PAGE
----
Why you should enter

Evening all,

Hope you’re all having a wonderful week and the dreary grey weather isn’t getting you down. Only  23 days, 14 hours, 53 minutes and 17 seconds to go till this year’s Bake Off. Not that I’m counting, heh!

It’s been a lovely week, I had my best day for applications on Sunday (hurrah!), confirmed that we’ll have Magdalen Swing Band coming along to get us grooving and got to start promoting the the badges we will be giving out to Rainbows, Brownies and Guides who take part thanks to the kind team behind Oxfordshire Girl Guiding.

I am still getting people saying they just aren’t good enough to enter and I would absolutely contend that you all are. This is a competition for everyone – for ANYONE willing to have a go at trying to knock up something and who wants to help us raise some money for our amazingly brilliant charities.

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Image: Found via pinterest.

One of the charities we’re supporting is Oxfam. I have had the great privilege of working at Oxfam for the past 3 years. I started organising the Bake Off in my spare time, but it is certainly because of how much Oxfam inspires me that I wanted to start something that could raise money for Oxfam and other incredible charities linked to Oxford. Charities that change lives every day with very little money.

Earlier this year I visited Malawi on a trip with Oxfam and I met a lady called Rachel who I think really shows how very little money can transform lives.

Rachel is a mum of three children and her husband is very sick, so he can’t even walk a few steps. Rachel and her husband rely on a small plot of land for all their food and earn money for what they can sell at local markets. But since Rachel’s husband became so sick, she’s had to farm by herself. When the rains didn’t come last year she didn’t harvest anything at all and was forced to take her three children out of school, as she was no longer able to pay the school fees and had to spend all their savings on food for the family. She told me how devastated she was to do this to her children – to take away what little hope she had for a better future.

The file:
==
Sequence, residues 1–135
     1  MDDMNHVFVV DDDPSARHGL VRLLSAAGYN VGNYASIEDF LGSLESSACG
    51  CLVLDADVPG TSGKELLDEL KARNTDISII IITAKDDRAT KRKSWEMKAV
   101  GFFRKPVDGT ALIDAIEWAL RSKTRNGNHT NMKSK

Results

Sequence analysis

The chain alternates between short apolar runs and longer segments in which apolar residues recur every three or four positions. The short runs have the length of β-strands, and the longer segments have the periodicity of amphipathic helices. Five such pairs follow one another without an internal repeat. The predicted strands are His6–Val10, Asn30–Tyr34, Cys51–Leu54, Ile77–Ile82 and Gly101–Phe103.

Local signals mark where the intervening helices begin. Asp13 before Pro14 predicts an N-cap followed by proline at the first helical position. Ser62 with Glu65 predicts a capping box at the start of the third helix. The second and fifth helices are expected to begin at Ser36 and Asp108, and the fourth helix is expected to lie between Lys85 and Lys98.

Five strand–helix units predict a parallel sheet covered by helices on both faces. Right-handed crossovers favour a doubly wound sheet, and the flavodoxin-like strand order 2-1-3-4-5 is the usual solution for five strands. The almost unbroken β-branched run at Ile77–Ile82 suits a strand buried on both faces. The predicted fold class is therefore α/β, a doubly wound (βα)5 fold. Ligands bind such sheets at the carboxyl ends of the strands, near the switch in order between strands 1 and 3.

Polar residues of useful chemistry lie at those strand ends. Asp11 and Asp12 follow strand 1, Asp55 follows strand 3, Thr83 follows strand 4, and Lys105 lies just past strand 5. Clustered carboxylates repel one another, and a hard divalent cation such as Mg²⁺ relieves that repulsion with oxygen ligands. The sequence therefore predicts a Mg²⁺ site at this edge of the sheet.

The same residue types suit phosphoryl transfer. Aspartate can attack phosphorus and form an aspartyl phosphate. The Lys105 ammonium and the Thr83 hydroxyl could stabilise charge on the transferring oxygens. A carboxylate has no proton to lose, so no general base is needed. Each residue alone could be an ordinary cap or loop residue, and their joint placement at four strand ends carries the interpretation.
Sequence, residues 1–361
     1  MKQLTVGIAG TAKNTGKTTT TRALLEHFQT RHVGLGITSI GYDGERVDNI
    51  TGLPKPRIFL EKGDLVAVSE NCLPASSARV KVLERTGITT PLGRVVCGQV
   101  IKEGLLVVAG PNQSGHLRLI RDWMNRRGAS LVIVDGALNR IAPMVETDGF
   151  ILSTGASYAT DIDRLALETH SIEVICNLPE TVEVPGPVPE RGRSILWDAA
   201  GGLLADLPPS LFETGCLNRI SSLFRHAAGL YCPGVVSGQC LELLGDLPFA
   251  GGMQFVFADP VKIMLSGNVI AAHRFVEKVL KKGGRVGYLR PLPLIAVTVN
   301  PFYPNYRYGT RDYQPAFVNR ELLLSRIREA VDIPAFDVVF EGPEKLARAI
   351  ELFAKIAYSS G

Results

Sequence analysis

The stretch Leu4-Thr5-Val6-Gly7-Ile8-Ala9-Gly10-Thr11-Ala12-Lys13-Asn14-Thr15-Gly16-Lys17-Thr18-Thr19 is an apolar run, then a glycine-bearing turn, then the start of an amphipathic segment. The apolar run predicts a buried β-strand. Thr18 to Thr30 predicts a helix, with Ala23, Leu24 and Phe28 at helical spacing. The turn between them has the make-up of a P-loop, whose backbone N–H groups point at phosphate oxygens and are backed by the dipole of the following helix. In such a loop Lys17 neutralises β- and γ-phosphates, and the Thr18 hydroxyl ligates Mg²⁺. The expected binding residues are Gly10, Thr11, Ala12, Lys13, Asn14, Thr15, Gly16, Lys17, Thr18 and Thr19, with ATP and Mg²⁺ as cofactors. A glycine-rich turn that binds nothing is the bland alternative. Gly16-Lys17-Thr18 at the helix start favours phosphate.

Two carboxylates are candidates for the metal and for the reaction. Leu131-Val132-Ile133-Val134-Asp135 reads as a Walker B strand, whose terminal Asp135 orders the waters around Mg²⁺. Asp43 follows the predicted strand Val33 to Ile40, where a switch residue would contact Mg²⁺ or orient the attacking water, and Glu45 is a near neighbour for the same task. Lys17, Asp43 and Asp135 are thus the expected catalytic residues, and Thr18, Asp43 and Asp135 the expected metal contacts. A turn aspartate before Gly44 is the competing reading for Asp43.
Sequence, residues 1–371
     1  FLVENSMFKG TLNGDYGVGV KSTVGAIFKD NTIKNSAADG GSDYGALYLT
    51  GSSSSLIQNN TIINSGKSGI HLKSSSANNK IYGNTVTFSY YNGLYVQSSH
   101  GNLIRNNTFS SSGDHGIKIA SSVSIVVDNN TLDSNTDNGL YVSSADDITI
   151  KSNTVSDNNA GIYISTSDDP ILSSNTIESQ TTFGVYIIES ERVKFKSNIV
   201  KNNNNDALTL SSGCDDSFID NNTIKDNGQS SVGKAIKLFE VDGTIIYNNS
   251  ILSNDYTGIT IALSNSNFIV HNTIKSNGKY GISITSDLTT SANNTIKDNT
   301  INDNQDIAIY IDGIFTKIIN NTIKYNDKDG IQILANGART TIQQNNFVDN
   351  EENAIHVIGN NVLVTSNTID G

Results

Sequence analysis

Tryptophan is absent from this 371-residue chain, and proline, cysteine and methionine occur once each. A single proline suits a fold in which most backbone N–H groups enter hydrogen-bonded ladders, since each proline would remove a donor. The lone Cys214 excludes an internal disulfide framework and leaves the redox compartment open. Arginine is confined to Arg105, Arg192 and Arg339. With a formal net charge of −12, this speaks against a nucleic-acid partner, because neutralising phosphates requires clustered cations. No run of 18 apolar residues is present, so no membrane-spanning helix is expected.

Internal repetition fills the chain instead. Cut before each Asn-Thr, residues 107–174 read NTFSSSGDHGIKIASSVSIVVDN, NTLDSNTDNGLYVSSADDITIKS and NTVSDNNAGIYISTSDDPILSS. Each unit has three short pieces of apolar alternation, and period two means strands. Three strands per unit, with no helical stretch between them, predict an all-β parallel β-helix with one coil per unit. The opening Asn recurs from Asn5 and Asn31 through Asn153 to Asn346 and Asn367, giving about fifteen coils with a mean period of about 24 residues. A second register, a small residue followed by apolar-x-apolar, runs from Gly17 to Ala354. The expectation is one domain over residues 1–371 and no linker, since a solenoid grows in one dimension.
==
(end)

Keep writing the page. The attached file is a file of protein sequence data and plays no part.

Luckily, Oxfam was working in the area supporting poor families and Rachel was identified as someone desperately in need of some support. Rachel was identified as part of a chicken ‘pass on’ scheme in the area. Rachel received 10 chickens, which she could breed and sell their eggs. She can run her chicken business from home and no longer solely on her land to feed her family. It has also meant (and she told me how this was simply the best thing about this project!) that she can now afford to send her children back to school. It cost £10 to give Rachel the chickens and training to look after them – £10!

I think about Rachel all the time because I think for every entry I get we’re nearly able to help another Rachel. Or help more children with life-shortening conditions and their families at Helen & Douglas house get the support they need and make the most of the time they have together.

‘Bake a difference’ is very much a corny line but it is rather a bit true, so I hope you will enter and together we’ll be able to make a bloomin hefty difference. And we can congratulate our efforts with a cake-eating feast.

Kate

xx

P.S. If competition isn’t your thing we’d also love cake donations for our bake sale, so if you are able to bring along a cake but don’t want to enter, just fill out this form.

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